There are countless details and paperwork involved when buying a home. Organizing everything from start to finish requires considerable time and energy. One of the most important details to address is understanding the differences between home warranties and home insurance. Both protect your home, and some overlapping complexities can further complicate the two.
Home warranties and insurance offer various protections to the homeowner, and they will only cover damages in particular cases. Therefore, it’s essential to understand the benefits and limitations of each and determine if a home warranty is worth purchasing. Below we’re addressing the key points of both home insurance and home warranties to help guide you in making the right decisions about protecting your assets.
Home Insurance vs. Home Warranty
Home insurance is purchased to protect your home and personal items from unexpected events that may be financially impactful and are outlined in an insurance policy.1 From natural disasters to theft, there are several potential hazards to protect yourself and your loved ones.
Alternatively, home warranties protect home appliances and systems when they break down or stop functioning properly. The intention is to be able to repair or replace the item using a warranty instead of paying for it outright.
According to the Canadian Home Builder’s Association, builders developing new housing structures must offer a third-party home warranty in British Columbia, Alberta, Ontario and Quebec. However, builders in any other part of Canada may choose whether or not to offer a home warranty.2 Additionally, some lenders, like the Canada Mortgage and Housing Corporation, require new home builders to belong to a warranty program - this is typically for those taking out a high-ratio mortgage.
Coverage and Cost
The structure of your home, personal belongings and personal liability will generally be covered by home insurance. In some cases, policies may protect home appliances in instances outlined in the policy. These assets won’t be covered for everyday wear and tear.1
Home warranties can protect home appliances in the case of breakdowns or general use. For example, an oven may stop working soon after a home has been purchased. In this case, a home warranty would help pay to fix or replace it.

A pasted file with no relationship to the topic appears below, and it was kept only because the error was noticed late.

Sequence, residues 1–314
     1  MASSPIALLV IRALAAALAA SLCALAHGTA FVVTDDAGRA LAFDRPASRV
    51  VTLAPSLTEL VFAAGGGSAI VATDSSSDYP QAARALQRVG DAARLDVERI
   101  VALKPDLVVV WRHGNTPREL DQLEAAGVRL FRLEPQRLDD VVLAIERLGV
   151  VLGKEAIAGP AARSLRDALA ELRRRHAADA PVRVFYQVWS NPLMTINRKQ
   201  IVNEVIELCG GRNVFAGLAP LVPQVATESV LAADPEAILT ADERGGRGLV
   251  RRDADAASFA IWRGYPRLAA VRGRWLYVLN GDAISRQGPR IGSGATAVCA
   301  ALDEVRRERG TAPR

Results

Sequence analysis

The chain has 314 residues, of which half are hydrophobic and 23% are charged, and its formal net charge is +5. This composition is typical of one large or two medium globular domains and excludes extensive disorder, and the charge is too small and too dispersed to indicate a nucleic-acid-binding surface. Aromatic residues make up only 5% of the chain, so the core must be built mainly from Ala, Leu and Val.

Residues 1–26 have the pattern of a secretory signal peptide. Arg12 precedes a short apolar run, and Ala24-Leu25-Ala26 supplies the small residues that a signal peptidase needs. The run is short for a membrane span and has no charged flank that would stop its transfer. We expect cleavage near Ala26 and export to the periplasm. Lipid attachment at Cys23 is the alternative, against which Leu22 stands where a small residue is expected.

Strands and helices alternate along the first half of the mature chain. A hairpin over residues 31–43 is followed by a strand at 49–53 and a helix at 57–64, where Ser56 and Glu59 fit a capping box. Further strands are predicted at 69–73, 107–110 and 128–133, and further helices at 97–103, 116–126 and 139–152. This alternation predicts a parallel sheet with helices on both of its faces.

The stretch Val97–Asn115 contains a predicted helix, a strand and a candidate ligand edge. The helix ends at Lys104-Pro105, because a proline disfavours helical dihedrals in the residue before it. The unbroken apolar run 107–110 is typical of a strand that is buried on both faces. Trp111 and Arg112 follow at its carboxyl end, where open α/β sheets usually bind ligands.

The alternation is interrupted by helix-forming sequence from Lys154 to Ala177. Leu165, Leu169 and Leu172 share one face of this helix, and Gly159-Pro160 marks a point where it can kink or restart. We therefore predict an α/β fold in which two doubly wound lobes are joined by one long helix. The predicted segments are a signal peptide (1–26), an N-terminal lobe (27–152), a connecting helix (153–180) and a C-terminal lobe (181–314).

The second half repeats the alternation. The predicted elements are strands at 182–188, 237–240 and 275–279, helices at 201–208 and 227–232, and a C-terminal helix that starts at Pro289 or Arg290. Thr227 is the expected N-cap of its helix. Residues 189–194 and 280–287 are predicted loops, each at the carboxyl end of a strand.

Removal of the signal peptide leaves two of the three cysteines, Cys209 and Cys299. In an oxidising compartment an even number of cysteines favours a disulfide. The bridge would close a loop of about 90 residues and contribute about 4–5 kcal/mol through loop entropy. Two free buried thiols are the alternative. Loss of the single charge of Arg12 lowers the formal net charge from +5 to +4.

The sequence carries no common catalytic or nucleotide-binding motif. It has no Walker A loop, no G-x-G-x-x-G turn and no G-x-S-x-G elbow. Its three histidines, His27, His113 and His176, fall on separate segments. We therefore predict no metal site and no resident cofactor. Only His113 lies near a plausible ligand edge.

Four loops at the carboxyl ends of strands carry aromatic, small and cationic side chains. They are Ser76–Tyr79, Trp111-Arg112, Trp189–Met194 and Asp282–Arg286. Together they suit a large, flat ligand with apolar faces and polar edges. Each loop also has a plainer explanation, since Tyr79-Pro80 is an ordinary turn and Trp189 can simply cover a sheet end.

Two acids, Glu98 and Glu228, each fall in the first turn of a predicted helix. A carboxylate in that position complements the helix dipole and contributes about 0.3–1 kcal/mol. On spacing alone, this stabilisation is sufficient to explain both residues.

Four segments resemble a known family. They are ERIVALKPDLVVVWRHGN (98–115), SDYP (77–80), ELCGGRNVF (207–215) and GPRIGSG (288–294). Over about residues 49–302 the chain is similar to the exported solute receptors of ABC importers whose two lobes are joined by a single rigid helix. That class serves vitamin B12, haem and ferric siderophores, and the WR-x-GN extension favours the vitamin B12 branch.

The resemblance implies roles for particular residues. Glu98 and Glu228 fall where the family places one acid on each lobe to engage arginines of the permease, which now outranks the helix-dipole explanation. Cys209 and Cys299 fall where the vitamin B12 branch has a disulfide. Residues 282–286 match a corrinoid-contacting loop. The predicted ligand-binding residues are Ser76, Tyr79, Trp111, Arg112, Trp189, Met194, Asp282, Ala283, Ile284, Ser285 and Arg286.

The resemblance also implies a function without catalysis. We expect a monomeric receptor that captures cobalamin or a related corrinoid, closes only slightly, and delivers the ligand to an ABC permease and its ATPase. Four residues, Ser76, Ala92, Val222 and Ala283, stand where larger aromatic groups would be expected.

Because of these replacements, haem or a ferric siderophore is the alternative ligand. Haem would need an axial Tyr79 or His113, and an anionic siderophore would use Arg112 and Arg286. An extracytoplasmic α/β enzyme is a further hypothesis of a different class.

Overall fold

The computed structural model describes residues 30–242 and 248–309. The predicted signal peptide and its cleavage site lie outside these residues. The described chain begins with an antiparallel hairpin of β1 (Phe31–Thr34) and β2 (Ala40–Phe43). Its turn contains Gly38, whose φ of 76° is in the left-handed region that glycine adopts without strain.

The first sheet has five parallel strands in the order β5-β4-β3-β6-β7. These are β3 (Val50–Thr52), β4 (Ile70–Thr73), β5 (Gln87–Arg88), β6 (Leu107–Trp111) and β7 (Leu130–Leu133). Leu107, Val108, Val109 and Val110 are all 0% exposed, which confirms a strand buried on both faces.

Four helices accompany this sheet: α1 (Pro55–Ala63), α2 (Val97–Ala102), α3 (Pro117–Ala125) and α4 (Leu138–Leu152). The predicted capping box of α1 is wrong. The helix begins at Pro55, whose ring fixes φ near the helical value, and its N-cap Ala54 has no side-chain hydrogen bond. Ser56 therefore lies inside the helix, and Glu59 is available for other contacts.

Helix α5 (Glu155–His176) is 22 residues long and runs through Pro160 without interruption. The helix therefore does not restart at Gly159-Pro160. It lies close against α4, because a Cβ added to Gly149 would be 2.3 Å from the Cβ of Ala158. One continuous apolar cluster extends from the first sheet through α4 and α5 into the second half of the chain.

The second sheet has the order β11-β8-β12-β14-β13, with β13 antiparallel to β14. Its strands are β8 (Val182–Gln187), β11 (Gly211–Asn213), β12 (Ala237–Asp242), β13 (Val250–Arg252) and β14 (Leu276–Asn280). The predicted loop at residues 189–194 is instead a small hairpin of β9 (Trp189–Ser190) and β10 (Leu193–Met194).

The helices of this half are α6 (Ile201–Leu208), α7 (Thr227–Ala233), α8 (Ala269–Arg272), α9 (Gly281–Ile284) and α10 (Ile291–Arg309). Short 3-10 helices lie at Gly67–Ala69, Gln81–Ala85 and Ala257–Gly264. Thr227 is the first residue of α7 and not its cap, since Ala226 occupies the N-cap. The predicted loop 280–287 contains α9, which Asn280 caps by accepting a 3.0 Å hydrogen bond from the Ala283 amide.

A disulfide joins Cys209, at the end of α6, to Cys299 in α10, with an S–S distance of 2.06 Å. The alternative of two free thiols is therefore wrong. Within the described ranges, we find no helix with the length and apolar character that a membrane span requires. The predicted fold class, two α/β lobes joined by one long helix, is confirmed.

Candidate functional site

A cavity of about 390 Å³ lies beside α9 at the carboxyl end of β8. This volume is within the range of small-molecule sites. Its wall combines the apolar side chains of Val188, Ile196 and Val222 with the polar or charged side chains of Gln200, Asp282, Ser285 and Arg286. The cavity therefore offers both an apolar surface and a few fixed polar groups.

Depending on the specific product offered and the company involved, the cost of both home insurance and warranties can vary. Usually, the more comprehensive the coverage, the more expensive it will be for the homeowner.
Submitting a Claim
This can usually be done online or over the phone. Many home warranties require a claim to be filed within a specific time frame to remain eligible for coverage. Be sure to check the details of your warranty for associated details.
Mortgage lenders often require the homeowner to have insurance before the lender approves their mortgage and releases the funds.1 Alternatively, home warranties are not usually required by lenders.
There are coverage limits associated with both home insurance policies and home warranties. These will be outlined when you purchase your policy or warranty.
Lowering the Cost of Coverage
There are several options to lower the cost of your home insurance and home warranty coverage. Companies will often have a variety of tiers to choose from so that you, as a homeowner, can decide on the amount of coverage that is right for you.
You may also qualify for discounts by choosing online billing or maintaining a good credit history. Be sure to check with the company you’re working with to see what discounts are available.
Another way to lower the cost of your coverage is to raise the associated deductible. In general, the higher the deductible, the lower the cost of coverage will be.3
Understanding the Key Differences
Both home insurance and home warranties offer protection for different instances, and it’s important to understand the variations between the two. At the end of the day, receiving the best coverage for your circumstances is critical.
If you’re asking yourself whether a home warranty is worth the cost and conversation, the first thing you should do is read the fine print in your home insurance policy. Taking a close look at the details will help you determine if any gaps in your coverage need to be addressed with a warranty.
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